How many zeros at the end of 100 factorial? How many trailing zeros in 1000 factorial? Do you get baffled by questions like these?

### How useful is calculator in solving this problem?

Sadly, calculator is not of much help because the answer will be in scientific notation. I will get the first few digits but what I am really bothered about in this case is the end of the multiplied expansion which the calculator will not be able to display.

This trailing zeros in a factorial is fairly simple to handle once you are equipped with the right way to handle it and then you will be able to handle 3468796! with equal ease as 10!.

There are many interesting derivation from factorials.

## How to quickly find number of zeros at the end of factorial of any number or say ‘n!’?

Let us get a few facts straight.

First, any number will have a zero at the end if that number is a multiple of 10; or in other words the number has 10 as a factor. So basically I have to find out how many 10s are there in the expansion of n!

Since 5X2=10, so I will have to consider all the products of 5 and 2 because each such product will give me a 10.

Obviously there are way more multiples of 2 than multiples of 5 in any given factorial expansion. This is because every 5th number is a multiple of 5 whereas every 2nd number is a multiple of 2.

Therefore, to find the number of 10s in the expansion of n!, what I am really bothered about is how many times 5 is a factor in all the numbers between 1 and n.

If the above logic is clear, we can go through an example for further clarity.

### Figuring out the number of 5s in a factorial

Find the number of trailing zeros in 17!

17! = 17x16x15x14x13x12x11x10x9x8x7x6x5x4x3x2x1

Basically I have to take all the numbers with 5 as a factor which when clubbed with a multiple of 2 will yield a 10. multiples of 5 are 15, 10 and 5.

Hence, 17! has three trailing zeros.

Let us now look at a few more examples.

## How many zeros at the end of 100 factorial?

Multiples of 5 in the expansion of 100! are 5, 10, 15, 20,….., 100.

You can count it this way and waste a lot of time or consider this.

100 divided by 5 equals 20. So there are 20 multiples of 5 from 1 to 100.

But wait, 25=5X5. This means that 25 is giving me an extra 5 which I need to account for. With this logic every multiple of 25 will give me an extra 5.

100 divided by 25 equals 4. So there are 4 multiples of 25 from 1 to 100.

Therefore number of trailing zeros in 100! = 100/5+100/25= 20+4 = 24

The same reasoning extends to larger numbers.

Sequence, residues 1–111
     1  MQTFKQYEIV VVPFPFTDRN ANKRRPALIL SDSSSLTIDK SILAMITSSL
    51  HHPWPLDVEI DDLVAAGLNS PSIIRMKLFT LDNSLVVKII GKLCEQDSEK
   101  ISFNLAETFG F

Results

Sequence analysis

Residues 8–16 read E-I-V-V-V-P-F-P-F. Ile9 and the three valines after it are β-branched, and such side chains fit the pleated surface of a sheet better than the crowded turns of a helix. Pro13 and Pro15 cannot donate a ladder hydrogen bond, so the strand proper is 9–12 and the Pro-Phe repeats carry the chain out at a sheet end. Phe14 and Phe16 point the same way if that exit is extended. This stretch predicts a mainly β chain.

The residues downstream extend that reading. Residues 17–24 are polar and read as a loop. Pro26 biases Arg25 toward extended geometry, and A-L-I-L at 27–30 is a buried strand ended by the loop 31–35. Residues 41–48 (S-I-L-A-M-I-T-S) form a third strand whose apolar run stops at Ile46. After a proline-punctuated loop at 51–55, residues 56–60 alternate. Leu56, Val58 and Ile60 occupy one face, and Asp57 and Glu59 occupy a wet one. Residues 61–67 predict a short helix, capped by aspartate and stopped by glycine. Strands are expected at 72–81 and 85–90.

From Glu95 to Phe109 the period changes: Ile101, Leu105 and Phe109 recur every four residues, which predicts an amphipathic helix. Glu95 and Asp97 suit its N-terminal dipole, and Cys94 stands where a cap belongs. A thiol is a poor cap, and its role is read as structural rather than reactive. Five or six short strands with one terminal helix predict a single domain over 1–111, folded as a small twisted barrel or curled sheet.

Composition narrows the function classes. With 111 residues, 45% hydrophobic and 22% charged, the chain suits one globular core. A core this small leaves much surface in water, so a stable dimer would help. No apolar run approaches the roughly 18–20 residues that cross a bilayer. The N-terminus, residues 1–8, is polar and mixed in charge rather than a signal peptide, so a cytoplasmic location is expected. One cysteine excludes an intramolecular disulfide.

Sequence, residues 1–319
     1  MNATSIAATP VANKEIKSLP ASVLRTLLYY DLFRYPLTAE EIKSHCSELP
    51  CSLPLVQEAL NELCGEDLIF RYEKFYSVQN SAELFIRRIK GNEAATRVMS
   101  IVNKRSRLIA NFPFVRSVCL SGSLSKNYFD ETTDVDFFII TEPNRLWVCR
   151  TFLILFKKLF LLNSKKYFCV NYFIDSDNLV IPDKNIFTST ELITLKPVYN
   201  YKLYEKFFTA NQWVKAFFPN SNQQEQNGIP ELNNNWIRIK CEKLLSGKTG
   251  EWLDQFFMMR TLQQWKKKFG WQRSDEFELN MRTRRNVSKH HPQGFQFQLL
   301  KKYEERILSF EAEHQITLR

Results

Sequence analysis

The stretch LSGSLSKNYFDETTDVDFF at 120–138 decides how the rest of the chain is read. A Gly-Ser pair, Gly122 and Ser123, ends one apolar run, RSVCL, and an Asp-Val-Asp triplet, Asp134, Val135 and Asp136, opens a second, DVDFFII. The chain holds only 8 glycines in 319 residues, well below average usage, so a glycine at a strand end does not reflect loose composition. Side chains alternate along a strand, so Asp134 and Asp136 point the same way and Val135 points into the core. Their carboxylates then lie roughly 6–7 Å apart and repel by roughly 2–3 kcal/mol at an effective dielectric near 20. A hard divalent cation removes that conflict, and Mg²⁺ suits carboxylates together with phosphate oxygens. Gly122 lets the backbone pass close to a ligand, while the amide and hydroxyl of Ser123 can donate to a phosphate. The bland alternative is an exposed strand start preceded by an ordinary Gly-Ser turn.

## How many Zero at the end of 1000 factorial?

There are 1000/5=200 multiples of 5 between 1 and 1000.

The next power of 5 is 25 and there are 1000/25=40 multiples of 25 between 1 and 1000.

The next power of 5 is 5^{3}=125 and each such multiple of 125 gives me still one more extra 5 as compared to other multiples of 25. There are 1000/125 = 8 such multiples of 125 between 1 and 1000.

The next power of 5 is 5^{4}=625 and there is only one multiple of 625 between 1 and 1000, 625 itself.

Hence the total number of 5s in the expansion of 1000! = 200 + 40 + 8 + 1 = 249 and thus 249 trailing zeros in 1000!

## How to find zeros in any factorial?

Take the number.

Divide by 5; if you get a decimal consider only the whole number part.

Divide by 5^{2}=25; if you get a decimal consider only the whole number part.

Divide by 5^{3}=125; if you get a decimal consider only the whole number part.

Divide by 5^{4}=625; if you get a decimal consider only the whole number part.

Continue this division with higher powers of 5 until your division results in a number less than one that is only a fraction with no whole number part.

Add up all the whole numbers you got in the series of divisions you performed. This is the number of trailing zeros. Since you’ve learned the method of finding trailing zeros for any factorial, it will be easy for you to find the largest power of a number that divides a factorial number

One last example before I wind up.

### Find the number of trailing zeros in 3426!

While performing the divisions, I am only considering the whole number part and conveniently ignoring the decimal or fraction part.

5^{1}: 3426/5= 685

5^{2}: 3426/25= 137

5^{3}: 3426/125= 27

5^{4}: 3426/625= 5

5^{5}: 3426/3125= 1

So the total number of trailing zeros is 685+137+27+5+1 = 855.

By the way you can get the same result by dividing the number repeatedly by 5 till you get 1 as quotient and then adding up all the results. This saves a lot of time as you don’t have to deal with division by higher powers of 5.

3426 ÷ 5 = 685

685 ÷ 5 = 137

137 ÷ 5 = 27

27÷ 5 = 5

5 ÷ 5 = 1

685 + 137 + 27 + 5 + 1 = 855 which is the number of trailing zeros in 3426!

Hope this article was of help to you. See you with many more such ways to tackle seemingly difficult problems. You can post your queries in the comment box below or post it on Quickermaths.com/questions. Till then, happy solving! 🙂

Excellent and very useful for the students appearing for Bank exams and other competitive exams.

Thanks for the appreciation R. Rama Rao. Will try to post more such helpful posts! 🙂